But maybe that’s the point. Maybe people aren’t actually looking for answers. Maybe we are all just wondering through life waiting for someone to admit that they are just as messed up as the next person. Because let’s face it, none of us actually really knows that we are talking about.

But instead all we get is ‘Welcome to my YouTube channel, don’t forget to like and subscribe’. If social media were real, then 95% of the population are actually living a dream life and totally have their s*** together. People like me are the odd ones out.

But lets face it, social media isn’t real. The fact is that we are 9 months in to a worldwide pandemic the likes of which we have not seen in a century. I figure pretty much all of us are worn out, broken down, fed up and ready to quit.

Photo by Hello I’m Nik

So I’m going to start this blog up again. And I am going to be as real and authentic as I possibly can. If you’re looking for weight loss tips and a pep talk from a seasoned doctor who is going to help you achieve the perfect body then you are definitely in the wrong place.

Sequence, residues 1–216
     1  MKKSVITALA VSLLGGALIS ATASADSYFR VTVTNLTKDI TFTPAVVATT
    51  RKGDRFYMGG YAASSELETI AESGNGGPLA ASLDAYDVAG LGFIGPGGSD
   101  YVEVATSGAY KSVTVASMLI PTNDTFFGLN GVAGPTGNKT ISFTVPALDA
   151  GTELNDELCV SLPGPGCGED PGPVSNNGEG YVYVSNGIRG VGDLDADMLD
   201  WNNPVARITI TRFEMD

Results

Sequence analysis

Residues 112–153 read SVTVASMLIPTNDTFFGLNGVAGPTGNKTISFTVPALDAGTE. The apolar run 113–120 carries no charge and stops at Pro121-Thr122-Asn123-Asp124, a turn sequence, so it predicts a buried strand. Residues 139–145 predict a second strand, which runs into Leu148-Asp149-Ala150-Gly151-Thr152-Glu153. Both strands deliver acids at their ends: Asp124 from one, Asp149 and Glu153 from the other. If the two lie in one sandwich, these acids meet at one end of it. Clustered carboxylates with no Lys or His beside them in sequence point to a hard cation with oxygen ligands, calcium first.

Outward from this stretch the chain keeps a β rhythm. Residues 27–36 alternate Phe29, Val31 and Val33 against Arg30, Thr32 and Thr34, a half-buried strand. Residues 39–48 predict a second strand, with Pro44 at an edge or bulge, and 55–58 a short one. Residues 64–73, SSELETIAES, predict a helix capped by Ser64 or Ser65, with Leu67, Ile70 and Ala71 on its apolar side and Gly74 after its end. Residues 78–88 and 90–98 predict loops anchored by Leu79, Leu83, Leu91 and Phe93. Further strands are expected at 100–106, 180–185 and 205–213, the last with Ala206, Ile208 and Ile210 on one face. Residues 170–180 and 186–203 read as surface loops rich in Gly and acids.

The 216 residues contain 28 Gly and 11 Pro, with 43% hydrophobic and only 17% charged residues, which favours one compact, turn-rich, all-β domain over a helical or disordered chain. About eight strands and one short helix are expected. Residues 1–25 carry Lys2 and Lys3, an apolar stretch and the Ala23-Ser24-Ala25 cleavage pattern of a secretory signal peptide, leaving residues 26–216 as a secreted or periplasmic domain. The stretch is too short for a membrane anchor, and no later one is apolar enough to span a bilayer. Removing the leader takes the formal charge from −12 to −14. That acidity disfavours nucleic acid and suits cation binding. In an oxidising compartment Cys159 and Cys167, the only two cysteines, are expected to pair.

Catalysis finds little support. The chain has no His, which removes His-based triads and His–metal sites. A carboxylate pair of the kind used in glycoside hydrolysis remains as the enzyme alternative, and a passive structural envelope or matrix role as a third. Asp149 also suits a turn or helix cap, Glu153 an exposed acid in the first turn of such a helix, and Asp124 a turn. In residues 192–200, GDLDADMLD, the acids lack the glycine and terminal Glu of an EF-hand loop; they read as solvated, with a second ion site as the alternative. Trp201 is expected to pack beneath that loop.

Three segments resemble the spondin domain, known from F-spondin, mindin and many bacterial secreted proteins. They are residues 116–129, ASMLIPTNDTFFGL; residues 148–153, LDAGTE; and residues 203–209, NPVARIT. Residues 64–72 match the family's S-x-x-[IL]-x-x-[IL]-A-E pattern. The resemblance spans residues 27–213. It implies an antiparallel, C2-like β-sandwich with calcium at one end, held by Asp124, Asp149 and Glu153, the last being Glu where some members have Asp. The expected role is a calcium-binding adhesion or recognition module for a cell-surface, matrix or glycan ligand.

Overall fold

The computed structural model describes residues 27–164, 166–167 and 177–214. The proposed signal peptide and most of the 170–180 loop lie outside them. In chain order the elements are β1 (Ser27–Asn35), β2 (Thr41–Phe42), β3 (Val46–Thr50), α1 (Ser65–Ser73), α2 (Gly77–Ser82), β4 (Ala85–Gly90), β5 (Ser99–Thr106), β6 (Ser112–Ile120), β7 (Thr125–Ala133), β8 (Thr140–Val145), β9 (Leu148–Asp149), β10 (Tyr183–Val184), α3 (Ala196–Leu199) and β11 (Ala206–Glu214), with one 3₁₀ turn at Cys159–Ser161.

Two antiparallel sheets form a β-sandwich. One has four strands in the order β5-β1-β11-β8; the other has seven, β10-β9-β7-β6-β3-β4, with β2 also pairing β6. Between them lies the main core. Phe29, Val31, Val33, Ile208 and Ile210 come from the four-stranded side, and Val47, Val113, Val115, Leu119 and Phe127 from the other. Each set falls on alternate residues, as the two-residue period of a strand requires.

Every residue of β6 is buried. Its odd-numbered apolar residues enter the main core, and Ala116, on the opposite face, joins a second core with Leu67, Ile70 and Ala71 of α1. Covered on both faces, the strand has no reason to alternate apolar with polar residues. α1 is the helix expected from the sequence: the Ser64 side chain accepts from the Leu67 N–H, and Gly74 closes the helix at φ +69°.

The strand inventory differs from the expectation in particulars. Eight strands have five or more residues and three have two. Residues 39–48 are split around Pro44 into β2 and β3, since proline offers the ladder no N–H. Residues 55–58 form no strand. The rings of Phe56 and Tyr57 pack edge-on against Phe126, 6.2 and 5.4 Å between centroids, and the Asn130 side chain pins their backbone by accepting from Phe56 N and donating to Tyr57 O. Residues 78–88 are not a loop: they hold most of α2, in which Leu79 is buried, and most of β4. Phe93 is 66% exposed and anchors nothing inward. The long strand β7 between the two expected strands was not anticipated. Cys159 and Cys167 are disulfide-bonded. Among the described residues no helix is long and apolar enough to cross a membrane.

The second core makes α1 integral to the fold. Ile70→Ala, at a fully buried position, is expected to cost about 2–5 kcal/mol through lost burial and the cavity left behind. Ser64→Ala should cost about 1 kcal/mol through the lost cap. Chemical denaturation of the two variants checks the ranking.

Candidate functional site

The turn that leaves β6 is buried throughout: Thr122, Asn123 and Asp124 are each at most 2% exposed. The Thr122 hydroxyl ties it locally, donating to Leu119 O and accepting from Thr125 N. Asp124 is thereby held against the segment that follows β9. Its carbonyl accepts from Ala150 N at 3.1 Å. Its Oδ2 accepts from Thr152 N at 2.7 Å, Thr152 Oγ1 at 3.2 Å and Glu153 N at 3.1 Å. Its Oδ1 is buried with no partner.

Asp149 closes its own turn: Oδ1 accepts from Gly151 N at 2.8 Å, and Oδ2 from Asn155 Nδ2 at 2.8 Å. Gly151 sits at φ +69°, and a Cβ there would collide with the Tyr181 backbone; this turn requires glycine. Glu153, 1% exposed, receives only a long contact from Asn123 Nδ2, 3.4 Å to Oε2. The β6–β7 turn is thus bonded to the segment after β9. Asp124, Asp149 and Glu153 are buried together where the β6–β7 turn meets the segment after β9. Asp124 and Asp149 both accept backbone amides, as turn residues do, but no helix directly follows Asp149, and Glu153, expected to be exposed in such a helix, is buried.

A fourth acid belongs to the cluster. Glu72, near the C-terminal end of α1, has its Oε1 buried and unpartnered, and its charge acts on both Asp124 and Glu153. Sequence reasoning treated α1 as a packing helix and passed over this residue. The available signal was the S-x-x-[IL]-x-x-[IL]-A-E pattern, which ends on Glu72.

But if you want to watch a fat, middle-aged, depressed GP find a way to pick herself up off the floor (again), then stick around. There’s plenty more to come.

Got something to say? Leave a comment in the box below. Wanna get in touch or sign up to my newsletter? Then what’s stopping you?

9 thoughts on “Fatdoctor, Unplugged”

  1. The bravest thing on the internet. Fact.

    I am inspired and moved in equal measure. Thank you for writing something so radically honest.